AAR is more than hands-on work, however: Students must also write up their findings in a formal paper. As sophomore Alisa Sonehara begins drafting her research paper, she needs to cite information from other sources while still integrating her own ideas.

Luckily, she has the support of experienced mentors to help analyze and organize her data. She also uses generative artificial intelligence tools such as ChatGPT, which help check that her writing is clear, concise and, most importantly, accurate. With these resources, Sonehara has been able to delve into staff mental-health supports in PAUSD.

While Sonehara originally planned to research students’ mental health, she ultimately shifted her focus to staff, in light of district staffing shortages and new support initiatives following the pandemic.

“I wanted to see the type of support they are getting because I think there’s a lot of awareness and support for students right now, and there’s a lot more talk about it compared to educators,” she said. “I feel like educators deserve the same attention for mental health, because they matter a lot too.”

Sonehara was surprised to find that improving certain areas of mental health isn’t within the county specialist’s purview.

“For example, in the Healthy Kids Survey, if a teacher’s respondents are saying how they don’t have a good work environment, the mental health specialist isn’t really directed from the district to help improve that — she’s kind of just working on the overall view of the support for mental health,” she said. “That kind of surprised me because I feel like she could do a lot to help (those particular areas) as well.”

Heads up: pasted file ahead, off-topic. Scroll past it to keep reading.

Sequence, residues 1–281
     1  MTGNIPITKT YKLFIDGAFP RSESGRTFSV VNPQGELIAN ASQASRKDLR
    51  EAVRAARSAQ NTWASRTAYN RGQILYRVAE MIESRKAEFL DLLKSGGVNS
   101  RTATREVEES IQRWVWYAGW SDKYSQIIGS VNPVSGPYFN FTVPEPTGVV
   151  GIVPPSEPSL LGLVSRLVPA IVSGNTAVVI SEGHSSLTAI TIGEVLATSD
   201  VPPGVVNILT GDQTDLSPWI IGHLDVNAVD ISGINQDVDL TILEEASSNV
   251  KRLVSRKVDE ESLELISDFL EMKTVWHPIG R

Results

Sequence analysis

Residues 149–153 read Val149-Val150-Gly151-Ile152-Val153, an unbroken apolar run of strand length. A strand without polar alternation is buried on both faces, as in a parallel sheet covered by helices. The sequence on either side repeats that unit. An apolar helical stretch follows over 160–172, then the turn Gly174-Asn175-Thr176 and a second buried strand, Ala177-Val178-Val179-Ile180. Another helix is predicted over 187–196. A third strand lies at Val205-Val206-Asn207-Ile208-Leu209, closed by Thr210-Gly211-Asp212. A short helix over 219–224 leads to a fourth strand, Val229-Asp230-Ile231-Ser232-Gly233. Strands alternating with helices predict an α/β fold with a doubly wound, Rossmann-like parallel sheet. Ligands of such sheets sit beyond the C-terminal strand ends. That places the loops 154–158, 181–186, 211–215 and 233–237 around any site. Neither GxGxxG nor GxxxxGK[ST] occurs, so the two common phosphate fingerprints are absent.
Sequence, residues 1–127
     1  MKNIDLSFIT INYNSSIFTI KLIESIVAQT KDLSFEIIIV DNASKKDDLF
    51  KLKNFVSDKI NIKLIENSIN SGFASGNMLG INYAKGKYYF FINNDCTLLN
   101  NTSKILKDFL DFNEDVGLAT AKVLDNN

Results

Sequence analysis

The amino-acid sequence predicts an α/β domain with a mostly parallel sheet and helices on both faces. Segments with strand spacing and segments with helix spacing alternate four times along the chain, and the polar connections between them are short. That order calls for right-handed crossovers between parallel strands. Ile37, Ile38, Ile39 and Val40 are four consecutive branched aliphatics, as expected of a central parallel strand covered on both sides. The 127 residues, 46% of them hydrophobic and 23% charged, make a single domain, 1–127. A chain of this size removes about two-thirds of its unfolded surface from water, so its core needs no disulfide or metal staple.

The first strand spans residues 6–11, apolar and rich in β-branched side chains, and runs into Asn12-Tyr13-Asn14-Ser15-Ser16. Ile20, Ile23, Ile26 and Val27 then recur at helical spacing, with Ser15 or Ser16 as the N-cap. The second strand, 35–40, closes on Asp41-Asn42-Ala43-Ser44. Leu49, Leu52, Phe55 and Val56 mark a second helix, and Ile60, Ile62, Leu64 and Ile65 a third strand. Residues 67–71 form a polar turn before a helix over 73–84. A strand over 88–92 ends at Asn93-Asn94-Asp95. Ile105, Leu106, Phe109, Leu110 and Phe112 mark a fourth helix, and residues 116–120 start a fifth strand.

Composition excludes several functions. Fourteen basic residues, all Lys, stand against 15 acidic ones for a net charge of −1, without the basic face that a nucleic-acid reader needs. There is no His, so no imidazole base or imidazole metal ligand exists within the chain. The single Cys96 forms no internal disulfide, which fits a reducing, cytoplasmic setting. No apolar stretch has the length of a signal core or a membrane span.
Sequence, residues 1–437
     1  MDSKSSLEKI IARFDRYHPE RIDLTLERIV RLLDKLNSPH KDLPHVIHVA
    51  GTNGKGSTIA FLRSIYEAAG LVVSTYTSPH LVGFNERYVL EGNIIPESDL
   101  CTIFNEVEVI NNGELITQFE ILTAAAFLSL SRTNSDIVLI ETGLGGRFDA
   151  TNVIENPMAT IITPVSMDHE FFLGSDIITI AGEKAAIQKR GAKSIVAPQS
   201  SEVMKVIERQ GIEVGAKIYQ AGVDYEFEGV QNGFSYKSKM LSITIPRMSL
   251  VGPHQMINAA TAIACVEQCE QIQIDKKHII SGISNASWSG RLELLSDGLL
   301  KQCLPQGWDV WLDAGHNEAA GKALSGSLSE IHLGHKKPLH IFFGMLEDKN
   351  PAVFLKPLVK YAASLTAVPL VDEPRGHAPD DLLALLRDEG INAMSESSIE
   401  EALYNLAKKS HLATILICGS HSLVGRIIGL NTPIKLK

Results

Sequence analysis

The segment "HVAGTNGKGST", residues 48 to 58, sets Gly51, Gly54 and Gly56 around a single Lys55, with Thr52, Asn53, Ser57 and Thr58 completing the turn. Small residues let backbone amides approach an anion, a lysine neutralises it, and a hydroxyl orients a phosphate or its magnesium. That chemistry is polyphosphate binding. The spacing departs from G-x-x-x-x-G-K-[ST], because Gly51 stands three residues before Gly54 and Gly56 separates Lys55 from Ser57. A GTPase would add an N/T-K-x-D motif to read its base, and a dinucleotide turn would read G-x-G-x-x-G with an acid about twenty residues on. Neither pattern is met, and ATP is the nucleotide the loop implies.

According to Kaci, this long-term, hands-on investigation makes AAR unique. With the wealth of professional resources and guidance, she recommends the course to anyone passionate about something and unable to find a class on campus that caters to their interests.

“You’re placed with a mentor or a manager and in a field that’s different from the traditional classroom and still get credits to put on your transcript, so that’s why I like (AAR),” she said. “Don’t shy away if you’re nervous about research — we can help anyone.”


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About the Contributors
Kaitlyn Chen
Kaitlyn Chen, Lifestyle Editor
Senior Kaitlyn Chen is a lifestyle editor for The Oracle. Outside of school, she enjoys dancing, hiking and discovering new music artists.
Lise Desveaux
Lise Desveaux, Centerfold Editor
Senior Lise Desveaux is a centerfold editor for The Oracle and has been on staff since January 2021. Outside of school, she enjoys listening to Taylor Swift, reading and shopping on Etsy.
Chinyoung Shao
Chinyoung Shao, Photo Editor, Graphics Artist
Chinyoung Shao is a photos editor and graphics artist who has been on staff since freshman year. Outside of The Oracle, she enjoys doodling, debate and trying to keep plants alive.